WWVA, broadcast Aug. 27, 2012, via Raw Story. David Blomquis interviewed Murray Energy Chief Financial Officer Rob Moore.
So you know that "war on coal" that Team Romney is accusing Team Obama of waging (Psst! Willard! There's no such thing as "clean coal," so maybe the president is actually fighting for the health and well-being of Americans)?
Why, here's Willard now!
If there's a war, it seems it wasn't Obama's doing since he certainly wasn't the one who provoked this reaction from coal miners, via Cleveland.com:
When GOP presidential candidate Mitt Romney visited an Ohio coal mine this month to promote jobs in the coal industry, workers who appeared with him at the rally lost pay because their mine was shut down.
The Pepper Pike company that owns the Century Mine told workers that attending the Aug. 14 Romney event would be both mandatory and unpaid, a top company official said Monday morning in a West Virginia radio interview.
A group of employees who feared they'd be fired if they didn't attend the campaign rally in Beallsville, Ohio, complained about it to WWVA radio station talk show host David Blomquist.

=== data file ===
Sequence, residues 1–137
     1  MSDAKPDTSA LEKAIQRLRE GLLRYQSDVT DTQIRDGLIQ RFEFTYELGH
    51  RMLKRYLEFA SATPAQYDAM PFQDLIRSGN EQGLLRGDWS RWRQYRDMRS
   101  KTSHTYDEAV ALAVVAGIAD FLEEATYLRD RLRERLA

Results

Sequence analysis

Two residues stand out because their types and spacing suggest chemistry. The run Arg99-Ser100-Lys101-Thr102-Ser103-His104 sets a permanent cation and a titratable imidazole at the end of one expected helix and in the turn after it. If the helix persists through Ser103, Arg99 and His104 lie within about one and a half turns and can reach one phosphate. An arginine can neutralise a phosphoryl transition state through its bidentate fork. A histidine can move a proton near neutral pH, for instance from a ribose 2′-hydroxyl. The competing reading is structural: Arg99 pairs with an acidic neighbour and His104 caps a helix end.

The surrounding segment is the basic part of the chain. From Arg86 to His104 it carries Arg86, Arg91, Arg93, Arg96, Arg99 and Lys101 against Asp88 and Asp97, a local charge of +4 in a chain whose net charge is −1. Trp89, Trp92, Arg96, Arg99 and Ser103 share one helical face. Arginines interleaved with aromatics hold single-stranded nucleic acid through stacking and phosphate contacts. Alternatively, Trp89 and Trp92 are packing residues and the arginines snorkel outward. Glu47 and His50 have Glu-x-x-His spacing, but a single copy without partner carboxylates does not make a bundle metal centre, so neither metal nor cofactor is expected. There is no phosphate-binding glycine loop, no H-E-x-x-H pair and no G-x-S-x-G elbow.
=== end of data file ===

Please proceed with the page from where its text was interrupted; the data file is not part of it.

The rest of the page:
“Yes, we were in fact told that the Romney event was mandatory and would be without pay, that the hours spent there would need to be made up my non-salaried employees outside of regular working hours, with the only other option being to take a pay cut for the equivalent time,” the employees told Blomquist. “Yes, letters have gone around with lists of names of employees who have not attended or donated to political events.” [...]
“We do not appreciate being intimidated into exchanging our time for nothing. I heard one of your callers saying that Murray employees are well aware of what they are getting into upon hire, or that they are informed that a percentage of their income will go to political donations. I can not speak for that caller, but this is news for me. We merely find out how things work by experience.” [...]
At the time, conservative blogs and websites like The Daily Caller, The Gateway Pundit and Townhall trumpeted the fact that “hundreds of Ohio coal miners attended” the event. Even though the mine was closed on Aug. 14, soot-covered miners were staged behind the GOP hopeful as he spoke.